The experience of growing up surrounded by people whose lives and dreams were disrupted by the strict communist regime fills me with a great desire to take full advantage of the opportunities available to me. I utilized the scholarship I received to attend an international school in Prague not only to study English, but also to learn as much as possible from my international classmates. This experience expanded my worldview and later prompted my decision to study abroad and travel. Continuously interacting with people from different cultures makes me an adaptive, confident, and effective communicator, and it helps me see any situation from various points of view. Being able to identify and evaluate possible options helps me find the right solutions to challenges and identify steps to fulfilling specific goals. It has also helped me find my own course to the study of law.

I transferred out of the undergraduate degree in law I was pursuing in the United Kingdom to gain the skills, and most importantly the experience, I felt I needed in order to reach a deeper understanding of law theory and its application. As an English major at Boston University I developed skills in writing, research, critical reading and analysis. My second major in economics provided a solid background into the business setting within which law firms operate and prompted my interest in business and finance law. Later on, internships and full-time work tested this knowledge in a corporate environment. It was important to learn to apply classroom skills creatively and within tight deadlines. For example, managing the creation and release of company press releases at my first job after graduation demanded particularly good organization and time management. I had to identify interesting points worthy of mention in international media, make sure I understood the scientific data I was writing about and schedule the release of articles on time, while coordinating requests from several company departments. This gave me a strong sense of responsibility, as my writing was the voice of the entire company. I believe that continuing to apply this same work ethic will help me manage the rigorous demands of law school.

Learning from experienced professionals at large international companies encourages me to take on increasingly challenging tasks. In my free time I manage the Czech branch of an international non-profit arts project related to theater. It gives students the opportunity to see theater performances for free, publish their reviews and articles on an international web portal, and receive guidance and feedback from experts and scholars in the field. I have now expanded the Prague team to include five reviewers, and I am always looking to involve more students in the project. I will continue to look for ways to provide learning opportunities and share knowledge with peers in order to contribute to the Boston University community.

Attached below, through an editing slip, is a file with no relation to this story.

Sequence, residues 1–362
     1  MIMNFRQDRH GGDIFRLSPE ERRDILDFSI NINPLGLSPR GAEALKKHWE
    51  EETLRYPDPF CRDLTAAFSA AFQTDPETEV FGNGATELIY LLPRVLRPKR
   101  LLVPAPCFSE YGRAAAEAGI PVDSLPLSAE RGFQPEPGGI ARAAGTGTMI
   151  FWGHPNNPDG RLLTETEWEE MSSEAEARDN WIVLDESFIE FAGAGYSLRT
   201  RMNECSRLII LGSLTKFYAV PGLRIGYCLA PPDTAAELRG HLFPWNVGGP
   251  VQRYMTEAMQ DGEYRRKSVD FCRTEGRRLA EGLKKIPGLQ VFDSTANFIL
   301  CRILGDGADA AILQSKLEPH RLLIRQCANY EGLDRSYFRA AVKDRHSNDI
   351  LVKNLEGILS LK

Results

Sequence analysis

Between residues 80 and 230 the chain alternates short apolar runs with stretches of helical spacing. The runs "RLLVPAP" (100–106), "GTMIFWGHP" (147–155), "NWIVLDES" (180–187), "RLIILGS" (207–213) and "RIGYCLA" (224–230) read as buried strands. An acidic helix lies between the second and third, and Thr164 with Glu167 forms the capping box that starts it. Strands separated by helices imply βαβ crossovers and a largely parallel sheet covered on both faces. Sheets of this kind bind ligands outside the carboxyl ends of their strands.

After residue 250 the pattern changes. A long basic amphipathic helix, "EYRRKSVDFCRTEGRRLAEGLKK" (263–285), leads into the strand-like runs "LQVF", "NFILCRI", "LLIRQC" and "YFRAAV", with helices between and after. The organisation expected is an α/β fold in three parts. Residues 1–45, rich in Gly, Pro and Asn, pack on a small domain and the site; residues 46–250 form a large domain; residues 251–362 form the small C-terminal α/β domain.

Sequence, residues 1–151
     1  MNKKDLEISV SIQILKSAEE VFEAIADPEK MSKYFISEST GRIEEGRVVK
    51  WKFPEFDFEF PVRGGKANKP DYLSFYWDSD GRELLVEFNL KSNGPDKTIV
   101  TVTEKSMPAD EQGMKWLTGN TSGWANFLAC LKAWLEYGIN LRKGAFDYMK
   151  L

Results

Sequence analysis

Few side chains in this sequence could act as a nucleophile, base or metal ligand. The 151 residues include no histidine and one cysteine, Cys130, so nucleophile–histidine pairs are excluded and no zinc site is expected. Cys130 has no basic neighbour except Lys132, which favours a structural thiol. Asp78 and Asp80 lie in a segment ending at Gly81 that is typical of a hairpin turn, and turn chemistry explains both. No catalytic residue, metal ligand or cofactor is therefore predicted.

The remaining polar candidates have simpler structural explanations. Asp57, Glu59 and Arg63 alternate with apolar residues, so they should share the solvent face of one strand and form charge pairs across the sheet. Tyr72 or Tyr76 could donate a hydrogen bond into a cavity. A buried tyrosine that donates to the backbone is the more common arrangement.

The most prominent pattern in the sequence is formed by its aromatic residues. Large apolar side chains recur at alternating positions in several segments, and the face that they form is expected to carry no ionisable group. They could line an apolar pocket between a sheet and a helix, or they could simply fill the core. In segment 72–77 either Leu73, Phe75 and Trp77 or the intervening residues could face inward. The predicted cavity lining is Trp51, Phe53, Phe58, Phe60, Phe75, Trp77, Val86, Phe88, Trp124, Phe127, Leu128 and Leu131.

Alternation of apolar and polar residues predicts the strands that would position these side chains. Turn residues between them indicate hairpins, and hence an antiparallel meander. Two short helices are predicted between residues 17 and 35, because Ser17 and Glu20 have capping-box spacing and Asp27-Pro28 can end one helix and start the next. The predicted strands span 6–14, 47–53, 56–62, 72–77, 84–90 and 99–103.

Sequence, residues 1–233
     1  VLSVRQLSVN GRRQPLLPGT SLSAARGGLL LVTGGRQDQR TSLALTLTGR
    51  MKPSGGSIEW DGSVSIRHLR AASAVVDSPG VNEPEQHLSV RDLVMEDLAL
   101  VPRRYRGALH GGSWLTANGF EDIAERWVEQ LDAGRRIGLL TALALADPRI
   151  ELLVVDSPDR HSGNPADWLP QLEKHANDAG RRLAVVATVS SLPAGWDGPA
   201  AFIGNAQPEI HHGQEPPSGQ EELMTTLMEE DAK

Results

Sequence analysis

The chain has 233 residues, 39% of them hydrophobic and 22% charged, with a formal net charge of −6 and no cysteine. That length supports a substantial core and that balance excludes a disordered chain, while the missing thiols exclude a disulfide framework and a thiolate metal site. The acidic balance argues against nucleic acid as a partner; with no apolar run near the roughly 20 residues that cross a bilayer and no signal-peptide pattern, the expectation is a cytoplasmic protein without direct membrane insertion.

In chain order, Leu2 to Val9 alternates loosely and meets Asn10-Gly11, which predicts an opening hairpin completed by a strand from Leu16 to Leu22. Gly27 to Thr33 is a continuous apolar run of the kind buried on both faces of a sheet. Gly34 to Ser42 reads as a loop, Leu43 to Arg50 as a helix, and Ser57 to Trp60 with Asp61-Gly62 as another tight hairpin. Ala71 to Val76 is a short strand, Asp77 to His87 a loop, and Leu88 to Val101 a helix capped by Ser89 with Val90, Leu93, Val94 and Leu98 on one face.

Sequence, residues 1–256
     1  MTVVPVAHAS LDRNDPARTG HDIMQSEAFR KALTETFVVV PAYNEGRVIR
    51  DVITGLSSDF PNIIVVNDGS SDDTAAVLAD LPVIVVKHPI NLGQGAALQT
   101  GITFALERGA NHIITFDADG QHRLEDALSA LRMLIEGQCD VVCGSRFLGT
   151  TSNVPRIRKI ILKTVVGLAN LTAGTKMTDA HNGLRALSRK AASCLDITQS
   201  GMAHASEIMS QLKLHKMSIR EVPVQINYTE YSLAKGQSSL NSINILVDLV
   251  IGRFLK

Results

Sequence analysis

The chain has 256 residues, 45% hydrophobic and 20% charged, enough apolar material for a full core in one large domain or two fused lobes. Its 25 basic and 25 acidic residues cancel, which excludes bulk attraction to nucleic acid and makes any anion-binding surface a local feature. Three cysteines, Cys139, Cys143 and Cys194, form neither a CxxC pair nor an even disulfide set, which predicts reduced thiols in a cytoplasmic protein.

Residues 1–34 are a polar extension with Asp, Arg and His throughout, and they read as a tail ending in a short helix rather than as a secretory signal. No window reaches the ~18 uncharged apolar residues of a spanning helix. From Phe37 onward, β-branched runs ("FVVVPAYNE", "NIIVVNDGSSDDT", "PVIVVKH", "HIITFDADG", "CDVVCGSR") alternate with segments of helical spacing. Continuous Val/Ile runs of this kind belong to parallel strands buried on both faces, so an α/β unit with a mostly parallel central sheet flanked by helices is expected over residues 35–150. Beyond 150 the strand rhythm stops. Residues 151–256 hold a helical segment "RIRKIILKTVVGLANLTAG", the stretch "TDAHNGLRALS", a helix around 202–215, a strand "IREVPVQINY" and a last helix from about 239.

The lessons I have received from my country’s recent history continue to provide me with strong motivation. I grew up listening to stories from the times of the occupation, and they were always about the limits and the restrictions that characterized the era. I am very thankful that this does not apply to me and that I can now take the next step to realizing my goal of becoming a lawyer. I will rely on my determination and the skills I have gained through education, work experience, and travel to help me through the challenges of law school. I believe that I have what it takes to be a valuable contribution to the Boston University Law School classroom and also the legal profession.

Eddie Moreno: Scientist with a passion for intellectual property law

Hometown: San Sebastian, Puerto Rico
Undergraduate Institution: University of Puerto Rico
Major: Biology
Graduate Institution: University of Virginia
Graduate Degree: PhD Microbiology

Q&A with Eddie

“I was motivated by a desire to pursue a career that would allow me to broaden the range of scientific issues I worked on, rather than the narrow field in which I had specialized.”

I am very passionate about science and spent much of my academic life in research laboratories studying parasites that cause human disease. Recently, as a technical specialist at an intellectual property law firm, I discovered that I could successfully utilize the creative-thinking and analytical skills that I acquired as a scientist to help clients in the biotechnology sector protect their intellectual property. My experiences have solidified my commitment to law school, and I therefore write this statement to convince you of my resolve to merge my passions for science and law by becoming an attorney-scientist.

I was raised in the mountainous interior of Puerto Rico by parents who emphasized the importance of obtaining the best education possible. I attended a public residential high school with a curriculum specializing in math and science, where I excelled at learning about a variety of scientific disciplines and developed my passion for science. At age fifteen, I was selected to begin working in a research laboratory at the University of Puerto Rico School of Medicine, as a participant in a summer program directed to motivating students to pursue careers in scientific research. My work focused on isolating and characterizing proteins that could be used for the diagnosis of, and vaccination against, two parasitic diseases. This transformative experience propelled my decision to pursue a career in scientific research. After high school, I continued working on the same research project while earning my Bachelor of Science degree in biology at the University of Puerto Rico-Rio Piedras. My undergraduate experience was enriched by my selection to participate in a scientific exchange program, sponsored by the US National Institutes of Health, which funded my training in research laboratories at three distinguished research institutions: the University of Edinburgh (Scotland), Monash University (Australia), and the University of Salamanca (Spain). These global experiences not only helped cultivate my scientific skills, they also allowed me to gain a unique understanding of different cultures, peoples, and belief systems.